If you’re introducing your child to the wonderful world of baseball, you might be doing so for a variety of reasons. Perhaps your little one has been passionate about the game ever since he picked up his first baseball or attended his first game in a big league stadium. Maybe you were a baseball player in your younger years, or perhaps you simply want to encourage your child to try out all types of sports to find the right fit. Whatever your reasoning, if you’re hoping to instill a love of baseball in your child, be sure to follow these guidelines and ensure the experience is worthwhile for both you and your child.
It’s Not About the Outcome
Don’t make your child believe that they are only successful if their balls flies out of the diamond, they run all the bases in one go, or their team wins. Love of the game comes from enjoying the individual plays, not the end score. Make sure you praise your child’s efforts, whether that be running their hardest, getting up to swing even though they’ve missed three times in a row, or just almost catching that ball. Numerous studies have shown that shifting focus to effort instead of result can reinforce positive characteristics as your child grows up, including resilience, positivity, and tenacity. Even if your little one isn’t blessed with overwhelming talent at the beginning, learned skills will show them that with hard work, truly anything is possible—a lesson that will come in handy throughout their entire lifetime.
Focus on Ambidexterity
Your child is likely left- or right-handed, as a very small portion of the population is actually well and truly ambidextrous. If you want your child to enjoy the sport and succeed to the best of his ability, consider focusing on ambidextrous batting skills. Beyond giving the little one better vision of the pitcher’s throw, lefties tend to have a better chance of getting to first base as their positioning leads them in the right direction. While ambidexterity isn’t a make it or break it skill, it could definitely make the game easier and more fun for your little one.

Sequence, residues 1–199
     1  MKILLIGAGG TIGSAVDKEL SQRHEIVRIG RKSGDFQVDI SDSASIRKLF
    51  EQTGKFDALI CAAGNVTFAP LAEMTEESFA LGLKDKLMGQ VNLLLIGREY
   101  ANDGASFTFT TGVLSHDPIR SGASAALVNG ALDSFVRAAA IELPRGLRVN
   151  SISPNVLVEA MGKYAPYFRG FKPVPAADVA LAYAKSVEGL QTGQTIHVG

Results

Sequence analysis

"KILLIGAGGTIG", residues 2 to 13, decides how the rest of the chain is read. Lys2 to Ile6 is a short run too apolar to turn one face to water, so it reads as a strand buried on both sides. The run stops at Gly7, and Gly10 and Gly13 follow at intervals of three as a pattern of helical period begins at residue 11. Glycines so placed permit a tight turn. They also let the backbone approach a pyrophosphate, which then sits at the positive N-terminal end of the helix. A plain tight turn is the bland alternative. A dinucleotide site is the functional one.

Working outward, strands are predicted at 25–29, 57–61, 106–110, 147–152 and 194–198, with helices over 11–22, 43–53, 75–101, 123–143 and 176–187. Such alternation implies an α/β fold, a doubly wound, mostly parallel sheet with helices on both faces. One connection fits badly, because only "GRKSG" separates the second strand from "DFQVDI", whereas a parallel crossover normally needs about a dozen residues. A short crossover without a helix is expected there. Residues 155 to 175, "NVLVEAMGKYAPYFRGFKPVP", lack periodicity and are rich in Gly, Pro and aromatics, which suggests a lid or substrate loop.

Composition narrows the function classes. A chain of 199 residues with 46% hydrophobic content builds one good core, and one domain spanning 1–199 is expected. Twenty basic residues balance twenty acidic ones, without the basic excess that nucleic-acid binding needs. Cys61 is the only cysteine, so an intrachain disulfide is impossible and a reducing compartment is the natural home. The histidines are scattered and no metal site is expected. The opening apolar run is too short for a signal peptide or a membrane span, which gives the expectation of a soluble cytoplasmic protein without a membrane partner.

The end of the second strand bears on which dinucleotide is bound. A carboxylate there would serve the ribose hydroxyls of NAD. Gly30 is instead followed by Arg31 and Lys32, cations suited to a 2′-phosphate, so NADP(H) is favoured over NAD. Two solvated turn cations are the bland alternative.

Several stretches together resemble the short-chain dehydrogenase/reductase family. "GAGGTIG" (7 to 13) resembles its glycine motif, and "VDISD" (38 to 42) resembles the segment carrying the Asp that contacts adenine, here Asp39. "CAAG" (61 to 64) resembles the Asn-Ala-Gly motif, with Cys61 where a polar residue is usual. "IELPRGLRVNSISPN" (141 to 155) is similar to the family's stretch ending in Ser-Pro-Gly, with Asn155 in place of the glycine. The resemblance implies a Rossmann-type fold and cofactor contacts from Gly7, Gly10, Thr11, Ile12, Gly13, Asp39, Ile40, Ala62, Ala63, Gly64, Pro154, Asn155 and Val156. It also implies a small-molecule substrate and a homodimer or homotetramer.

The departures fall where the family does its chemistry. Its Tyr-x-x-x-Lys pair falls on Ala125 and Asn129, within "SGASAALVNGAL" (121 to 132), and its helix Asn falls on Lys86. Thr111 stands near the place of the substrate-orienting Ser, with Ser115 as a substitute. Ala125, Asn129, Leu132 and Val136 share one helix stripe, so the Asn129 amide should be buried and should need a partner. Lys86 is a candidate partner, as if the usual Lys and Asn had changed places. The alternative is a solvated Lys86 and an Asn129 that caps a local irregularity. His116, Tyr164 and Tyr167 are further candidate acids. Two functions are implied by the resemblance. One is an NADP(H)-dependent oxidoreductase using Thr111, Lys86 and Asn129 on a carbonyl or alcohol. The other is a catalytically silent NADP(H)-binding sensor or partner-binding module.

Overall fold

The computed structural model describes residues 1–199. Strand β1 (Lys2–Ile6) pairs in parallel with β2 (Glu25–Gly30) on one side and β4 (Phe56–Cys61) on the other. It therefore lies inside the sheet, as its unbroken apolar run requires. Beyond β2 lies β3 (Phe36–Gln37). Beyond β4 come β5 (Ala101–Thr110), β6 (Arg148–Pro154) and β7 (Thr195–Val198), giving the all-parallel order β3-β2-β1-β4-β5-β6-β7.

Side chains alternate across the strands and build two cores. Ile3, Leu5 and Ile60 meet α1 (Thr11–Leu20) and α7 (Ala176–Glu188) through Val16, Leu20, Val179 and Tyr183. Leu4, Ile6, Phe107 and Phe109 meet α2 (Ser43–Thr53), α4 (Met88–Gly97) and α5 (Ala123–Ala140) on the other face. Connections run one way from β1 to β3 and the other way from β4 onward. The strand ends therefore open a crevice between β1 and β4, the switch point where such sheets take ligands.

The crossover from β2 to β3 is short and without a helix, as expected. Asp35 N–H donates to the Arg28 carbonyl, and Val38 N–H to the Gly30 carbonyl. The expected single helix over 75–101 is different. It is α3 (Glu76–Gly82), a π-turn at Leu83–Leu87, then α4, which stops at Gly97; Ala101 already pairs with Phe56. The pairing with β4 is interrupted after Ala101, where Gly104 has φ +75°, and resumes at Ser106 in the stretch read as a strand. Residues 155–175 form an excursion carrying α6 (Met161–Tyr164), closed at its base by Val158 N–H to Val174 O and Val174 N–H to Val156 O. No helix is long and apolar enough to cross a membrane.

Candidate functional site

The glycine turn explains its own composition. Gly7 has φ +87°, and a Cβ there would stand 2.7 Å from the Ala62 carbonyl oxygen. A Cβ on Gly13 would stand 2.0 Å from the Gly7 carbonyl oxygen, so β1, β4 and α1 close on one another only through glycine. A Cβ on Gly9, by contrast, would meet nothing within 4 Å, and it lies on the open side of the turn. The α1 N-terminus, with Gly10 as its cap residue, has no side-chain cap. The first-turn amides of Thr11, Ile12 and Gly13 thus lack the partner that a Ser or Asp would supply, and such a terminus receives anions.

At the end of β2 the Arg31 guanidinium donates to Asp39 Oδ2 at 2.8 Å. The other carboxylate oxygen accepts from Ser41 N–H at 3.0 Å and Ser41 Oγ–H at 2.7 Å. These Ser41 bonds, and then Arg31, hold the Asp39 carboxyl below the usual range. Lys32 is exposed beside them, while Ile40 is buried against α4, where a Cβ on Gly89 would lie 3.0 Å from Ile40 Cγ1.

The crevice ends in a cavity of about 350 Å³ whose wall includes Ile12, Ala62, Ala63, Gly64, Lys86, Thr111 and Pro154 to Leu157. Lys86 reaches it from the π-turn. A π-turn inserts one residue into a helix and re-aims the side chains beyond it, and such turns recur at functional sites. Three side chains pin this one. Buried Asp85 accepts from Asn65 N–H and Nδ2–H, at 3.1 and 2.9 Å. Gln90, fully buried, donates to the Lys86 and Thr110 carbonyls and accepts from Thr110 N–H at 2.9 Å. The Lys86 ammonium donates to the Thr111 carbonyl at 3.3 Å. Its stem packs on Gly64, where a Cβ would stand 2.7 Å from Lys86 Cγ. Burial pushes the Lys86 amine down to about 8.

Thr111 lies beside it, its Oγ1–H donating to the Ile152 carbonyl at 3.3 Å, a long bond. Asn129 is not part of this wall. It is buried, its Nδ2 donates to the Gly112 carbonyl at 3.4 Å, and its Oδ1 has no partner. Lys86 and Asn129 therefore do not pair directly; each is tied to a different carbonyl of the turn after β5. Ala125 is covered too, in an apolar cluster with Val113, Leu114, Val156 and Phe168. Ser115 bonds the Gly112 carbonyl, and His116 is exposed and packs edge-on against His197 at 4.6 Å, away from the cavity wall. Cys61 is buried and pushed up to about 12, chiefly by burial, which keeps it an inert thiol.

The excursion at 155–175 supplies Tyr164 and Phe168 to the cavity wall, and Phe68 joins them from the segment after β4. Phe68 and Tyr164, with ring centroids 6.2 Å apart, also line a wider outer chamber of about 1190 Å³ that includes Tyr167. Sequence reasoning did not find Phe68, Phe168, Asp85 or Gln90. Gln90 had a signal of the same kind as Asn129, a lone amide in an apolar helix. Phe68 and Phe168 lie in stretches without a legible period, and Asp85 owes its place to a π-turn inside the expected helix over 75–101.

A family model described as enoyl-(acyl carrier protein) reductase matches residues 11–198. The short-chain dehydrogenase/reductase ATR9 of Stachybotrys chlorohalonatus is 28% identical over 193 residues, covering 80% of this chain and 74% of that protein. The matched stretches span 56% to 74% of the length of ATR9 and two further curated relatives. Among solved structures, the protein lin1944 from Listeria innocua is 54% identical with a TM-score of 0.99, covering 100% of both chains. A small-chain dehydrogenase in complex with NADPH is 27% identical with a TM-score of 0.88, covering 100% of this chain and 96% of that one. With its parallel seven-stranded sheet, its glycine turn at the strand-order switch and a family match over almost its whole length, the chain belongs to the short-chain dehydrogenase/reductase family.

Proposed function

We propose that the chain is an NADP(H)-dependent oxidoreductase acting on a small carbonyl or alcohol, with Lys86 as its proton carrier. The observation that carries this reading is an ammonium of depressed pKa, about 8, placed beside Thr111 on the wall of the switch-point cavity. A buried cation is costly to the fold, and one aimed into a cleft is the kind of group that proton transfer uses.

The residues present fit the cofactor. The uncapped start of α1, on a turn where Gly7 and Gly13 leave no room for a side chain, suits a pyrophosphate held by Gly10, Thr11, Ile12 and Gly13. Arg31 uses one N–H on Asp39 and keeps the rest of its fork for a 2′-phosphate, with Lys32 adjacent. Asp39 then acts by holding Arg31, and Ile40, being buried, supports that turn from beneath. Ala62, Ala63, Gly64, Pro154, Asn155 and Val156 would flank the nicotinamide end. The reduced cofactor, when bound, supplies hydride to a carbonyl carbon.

Practice Makes Better
Practice at the batting cages and in the backyard, trying out different techniques and make sure you spend time reviewing rules and procedures so that he never feels lost or embarrassed during a game. Not only will this serve as a way to make him more confident but will double as quality family time. You might also consider getting involved with the team as a volunteer coach or manager to help out. As you head out with your little one to practice, remember that the game should be first and foremost about fun. Running boring drills over and over won’t serve as a motivator. Never force your child to play. If he is very resistant, find out why; if it turns out he simply doesn’t like the sport, pressuring him to continue won’t do you or him any favors.
Buy the Proper Equipment
It might be tempting for your wallet to simply use hand-me-down gear, but saddling your child with bats and gloves that won’t work for his skill level is only going to serve as a source of frustration. Do your research and get the right equipment before sending him out onto the field. Start him out with soft balls, as many kids starting out in baseball (and adults too) are scared of the ball. Don’t make the mistake of starting him out with a traditional bat; start with slow-pitch softball bats as he gets started. You might want to also consider buying a glove that’s pre-broken in, to make sure he has the ability to open and close his fist around the ball with ease from the get-go. Make sure you have the appropriate protective gear, as well, including a youth baseball helmet before any hard balls are introduced. If you plan on practicing a lot at home, make sure you invest in a small batting net to keep homes and neighbors safe.
If you want your child to enjoy playing baseball, there are various ways to foster a love for this popular pastime. Keep these tips in mind as you get your little one started in the competitive world and make sure sports become a source of joy, not pressure, in his life.